Denmark to reduce temperature and turn off illumination at public buildings

Public buildings in Denmark will feel the effects of the energy crisis with cost-cutting measures to be introduced.

Denmark to reduce temperature and turn off illumination at public buildings
Public buildings like Christiansborg Palace will not be illuminated from the outside this winter. Photo: Liselotte Sabroe/Ritzau Scanpix

Illumination of public buildings will be switched off more often and thermostats will be set to 19 degrees Celsius, Climate, Energy and Critical Supplies Minister Dan Jørgensen said at a briefing in Copenhagen on Thursday.

“We need to save on energy and we need to do it now. To that end, we have decided the public sector should take the lead,” Jørgensen said.

“The temperature indoors should be reduced to 19 degrees unless special circumstances require it to be higher. The temperature has normally been between 21 and 23 degrees,” he said.

The decision will take the form of an order issued to state buildings, while buildings belonging to municipal and regional authorities will receive recommendations asking them to follow suit.

Care homes, preschools and hospitals are not affected by the decision to reduce temperatures.

“It’s very good if you can save energy. But when there are special requirements, you must also make special considerations. That’s why [these services] are exempted from this measure,” Jørgensen said.

Illumination of buildings will also be reduced in an energy-saving measure.

“We will switch off all outdoors lighting. Buildings that are illuminated because they are nice to look at but where this has no practical use will therefore not be illuminated,” Jørgensen said.

The heating season – which normally begins on October 1st – will also be shortened by delaying it until inside temperatures drop to under 19 degrees Celsius. As such, radiators will not be switched on in public buildings until temperatures dip below this level.

READ ALSO: How much will Danish energy bills go up this winter?

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How to apply for Denmark’s 6,000 kroner energy relief if you were missed by automatic payments

Denmark last year sent an automatic 6,000-kroner payout to eligible households in a measure intended to relieve people struggling with high energy costs. People who think they may qualify for the money, but didn’t receive it, can soon apply.

How to apply for Denmark’s 6,000 kroner energy relief if you were missed by automatic payments

The tax-free cash payout of 6,000 kroner was approved by parliament last spring in response to rising energy prices and sent out in August to households which met the set criteria.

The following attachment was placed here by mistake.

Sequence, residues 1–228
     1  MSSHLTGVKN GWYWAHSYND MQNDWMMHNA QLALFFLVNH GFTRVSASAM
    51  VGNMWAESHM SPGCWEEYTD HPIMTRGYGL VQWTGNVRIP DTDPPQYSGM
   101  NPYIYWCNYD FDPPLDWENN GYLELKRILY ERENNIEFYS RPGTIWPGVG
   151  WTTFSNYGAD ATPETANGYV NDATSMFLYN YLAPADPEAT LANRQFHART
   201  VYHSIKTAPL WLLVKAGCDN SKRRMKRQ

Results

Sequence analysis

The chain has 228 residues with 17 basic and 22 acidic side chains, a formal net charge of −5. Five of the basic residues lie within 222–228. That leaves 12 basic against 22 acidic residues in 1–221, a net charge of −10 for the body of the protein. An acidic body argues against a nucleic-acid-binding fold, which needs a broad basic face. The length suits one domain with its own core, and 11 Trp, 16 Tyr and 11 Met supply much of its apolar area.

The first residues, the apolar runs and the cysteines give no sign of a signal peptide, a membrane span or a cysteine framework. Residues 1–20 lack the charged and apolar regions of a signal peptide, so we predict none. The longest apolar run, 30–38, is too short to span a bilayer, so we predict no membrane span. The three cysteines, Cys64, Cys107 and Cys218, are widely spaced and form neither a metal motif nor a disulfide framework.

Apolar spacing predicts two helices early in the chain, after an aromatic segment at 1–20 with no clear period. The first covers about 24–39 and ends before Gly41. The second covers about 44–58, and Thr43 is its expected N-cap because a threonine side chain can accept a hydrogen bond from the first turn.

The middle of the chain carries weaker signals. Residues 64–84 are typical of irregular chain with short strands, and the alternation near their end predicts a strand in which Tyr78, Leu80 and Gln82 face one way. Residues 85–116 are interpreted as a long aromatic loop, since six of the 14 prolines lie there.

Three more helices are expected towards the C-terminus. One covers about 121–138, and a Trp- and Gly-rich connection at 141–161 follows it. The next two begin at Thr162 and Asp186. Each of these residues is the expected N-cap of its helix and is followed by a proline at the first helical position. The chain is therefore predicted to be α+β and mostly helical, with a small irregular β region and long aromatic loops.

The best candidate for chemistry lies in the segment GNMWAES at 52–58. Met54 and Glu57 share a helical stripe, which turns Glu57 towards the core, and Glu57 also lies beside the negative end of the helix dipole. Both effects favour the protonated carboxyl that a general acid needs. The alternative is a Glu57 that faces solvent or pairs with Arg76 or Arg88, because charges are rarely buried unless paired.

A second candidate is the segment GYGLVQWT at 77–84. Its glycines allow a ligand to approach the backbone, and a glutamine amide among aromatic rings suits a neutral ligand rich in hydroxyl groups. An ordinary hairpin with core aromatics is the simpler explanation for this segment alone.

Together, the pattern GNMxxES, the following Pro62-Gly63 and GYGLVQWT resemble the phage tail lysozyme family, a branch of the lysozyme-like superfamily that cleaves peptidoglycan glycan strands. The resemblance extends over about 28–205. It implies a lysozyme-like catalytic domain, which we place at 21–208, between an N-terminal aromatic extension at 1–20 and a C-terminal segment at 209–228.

The payments were made automatically, so no application was needed at the time.

Households with a collective pre-tax income of under 706,000 kroner were eligible for the one-off cash boosts. Additionally, the household should be primarily heated by individual gas heaters (or have experienced similar increases to bills as such homes) or be located in a district heating area in which the heating is produced by at least 65 percent gas.

But errors in registration data could result in households which meet the criteria not receiving payments automatically, the Danish Energy Agency said at the time.

People who believe that their household meets the criteria, but have not received the money, can therefore apply for it from early 2023.

A significant number of people also received the money even though they did not fulfil the criteria, for example because they had replaced their gas boilers but the registration data on their homes was outdated.

READ ALSO: Up to 70 Danes offer to pay energy money back to government

An additional application round for the heating cheques opens on March 14th, according to a notice from Energy Minister Lars Aagaard to parliament’s energy committee.

“The vast majority of households which are entitled to the heating cheque have received the payment. Some households, which are entitled according to the law have meanwhile seen circumstances which mean they unfortunately didn’t receive the cheque automatically,” he wrote.

Specifically, the Danish Energy Agency (Energistyrelsen) will open a digital application platform via the website

If your household did not receive the payout last year, you can apply for it if the household’s overall income in 2020 was less than 650,000 kroner (after the AM-bidrag tax contribution is deducted).

Application must be made within an eight-week window. You can enter your email address on the varmecheck website to receive a reminder when the application round opens.

“Reasons that households have not received the cheque automatically could for example be that there was data missing or not sufficiently ready for an automatic payment to happen, [or] that the oldest person in the household didn’t have a Nemkonto [designated bank account, ed.] for the money to be paid into,” Aagaard wrote in the parliamentary note.